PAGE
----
Cordylanthus tenuis ssp. capillaris
|Listed||February 3, 1995|
|Description||Branching herbaceous annual with yellow-green hairless herbage that becomes purplish with age.|
|Habitat||Serpentine flats among chaparral at elevations of approximately 150-800 ft (46-244 m).|
|Threats||Potential residential development, timber harvest activities, garbage dumping, slope erosion, off-road vehicle use, maintenance.|
Pennell's bird's-beak, Cordylanthus tenuis ssp. capillaris, is a branching herbaceous annual of the snapdragon family (Scrophulariaceae). The plant grows 12-24 in (30.5-61 cm) tall, with yellow-green hairless herbage that becomes purplish with age. The leaves are entire, or those of the primary stem three-parted, and threadlike. The floral bracts are three-parted up to two-thirds of their length, with fine marginal hairs on bracts and calyx. The tubular corolla is 0.6 in (1.5 cm) long, and garnet-brown laterally, paler dorsally. Each capsule contains 10-16 seeds. The three-lobed outer bracts of C. tenuis ssp. capillaris distinguish it from its nearest relative, C. tenuis ssp. brunneus, and from C. pilosus, another Cordylanthus found in the area. A further distinguishing character is that C. pilosus is densely hairy throughout.
Pennell's bird's-beak flowers from June to July. The species is a root parasite, forming attachments to shrubs and possibly cypress trees.
Pennell's bird's-beak occupies serpentine flats among chaparral at elevations of approximately 150-800 ft (46-244 m). Associated species include Baker's manzanita, California coffeeberry, musk brush, and Sargent cypress. Of these, Baker's manzanita is considered rare.
Pennell's bird's-beak is known only from the vicinity of Camp Meeker in Sonoma County. The species is found in two locations: the type locality which is partially within the Harrison Grade Ecological Reserve in western Sonoma County and a second area a few miles to the west near Bohemian Highway. A third population may occur on property adjacent to the second location, but permission for botanical surveys on that property has been consistently refused.
The Harrison Grade Ecological Reserve location had more than 5,000 plants in 1987. The Bohemian Highway location consists of two populations, one with approximately 200 plants growing on a steep slope in 1987 and the other with 12 plants in a roadside ditch in 1986. The total number of plants fluctuates from year to year, as is typical of annual plants.
Pennell's bird's-beak is threatened by potential residential development, timber harvest activities, garbage dumping, slope erosion, off-road vehicle use, and roadside maintenance. Vehicular traffic threatens plants in and near the parking area at the Harrison Grade Reserve, which is poorly defined and close to the plant population. Unauthorized dumping of items such as bottles, furniture, and appliances, and trampling by visitors are also threats to the species at the site. Light disturbance at the Harrison Grade Reserve, such as infrequent grading of dirt roads, appears to increase the numbers of Pennell's bird's-beak, but higher levels of disturbance may facilitate the invasion of non-native species and result in a decline of Pennell's bird's-beak.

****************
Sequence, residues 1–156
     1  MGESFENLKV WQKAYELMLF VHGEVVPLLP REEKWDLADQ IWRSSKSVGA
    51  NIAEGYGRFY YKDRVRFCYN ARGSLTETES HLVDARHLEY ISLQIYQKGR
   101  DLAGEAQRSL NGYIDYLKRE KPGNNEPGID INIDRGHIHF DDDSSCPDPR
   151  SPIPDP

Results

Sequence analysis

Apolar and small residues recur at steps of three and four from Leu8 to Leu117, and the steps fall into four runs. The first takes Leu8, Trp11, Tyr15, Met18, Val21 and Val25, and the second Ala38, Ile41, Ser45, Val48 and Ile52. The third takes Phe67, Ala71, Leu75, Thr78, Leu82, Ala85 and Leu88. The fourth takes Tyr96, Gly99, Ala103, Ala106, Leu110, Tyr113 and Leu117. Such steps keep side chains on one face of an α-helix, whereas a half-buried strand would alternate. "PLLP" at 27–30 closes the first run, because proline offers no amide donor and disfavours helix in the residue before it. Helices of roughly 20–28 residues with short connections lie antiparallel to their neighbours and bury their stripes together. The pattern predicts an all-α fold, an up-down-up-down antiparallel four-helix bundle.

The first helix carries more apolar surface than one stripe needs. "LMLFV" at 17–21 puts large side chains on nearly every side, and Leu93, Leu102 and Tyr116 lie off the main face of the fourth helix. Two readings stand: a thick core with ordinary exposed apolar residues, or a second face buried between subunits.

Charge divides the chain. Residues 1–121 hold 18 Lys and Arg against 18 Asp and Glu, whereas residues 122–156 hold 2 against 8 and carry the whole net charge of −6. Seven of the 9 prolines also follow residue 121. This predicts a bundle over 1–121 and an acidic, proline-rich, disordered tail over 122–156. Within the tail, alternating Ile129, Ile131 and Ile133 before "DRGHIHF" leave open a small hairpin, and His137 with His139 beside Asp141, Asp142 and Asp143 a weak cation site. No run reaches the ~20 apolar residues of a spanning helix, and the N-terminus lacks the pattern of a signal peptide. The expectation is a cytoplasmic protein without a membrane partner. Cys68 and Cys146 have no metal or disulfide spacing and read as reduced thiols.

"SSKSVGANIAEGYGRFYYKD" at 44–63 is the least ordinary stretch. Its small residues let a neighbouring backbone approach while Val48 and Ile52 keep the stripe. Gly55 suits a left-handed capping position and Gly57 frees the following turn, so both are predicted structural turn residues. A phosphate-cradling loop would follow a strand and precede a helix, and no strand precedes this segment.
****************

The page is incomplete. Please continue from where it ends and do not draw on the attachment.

The second location of Pennell's bird's-beak occurs on private property in the vicinity of Bohemian Highway. The owner of the property had been working with the California Department of Fish and Game to minimize impacts to Pennell's bird's-beak, and to donate 212 acres (85.8 hectares), including Pennell's bird's-beak habitat, to the county for use as a park. However, in 1997, planning for the subdivision and associated park was dropped and the property sold to another party who is making plans for timber harvest activities and development.
Both horses and deer have been reported to browse on Pennell's bird's-beak but the number of plants damaged generally appears to be minimal. Pennell's bird's-beak growing along roadsides is threatened by roadside maintenance such as mowing and spraying. The limited number and isolated condition of these populations make this species susceptible to extinction from random, catastrophic events.
Conservation and Recovery
Recovery of Pennell's bird's-beak must first focus on protecting and managing populations at the two remaining locations by working with the California Department of Fish and Game and private landowners to ensure long-term survival.
The California Department of Fish and Game developed a management plan for the Harrison Grade Preserve in 1987, and implementation is in progress. In 1995, a fence was built along the eastern edge of the preserve.
U.S. Fish and Wildlife Service
Regional Office, Division of Endangered Species
Eastside Federal Complex
911 N.E. 11th Ave.
Portland, Oregon 97232-4181
Telephone: (503) 231-6121
U.S. Fish and Wildlife Service. 1998. "Recovery Plan for Serpentine Soil Species of the San Francisco Bay Area." Portland, Oregon, 330+ pp.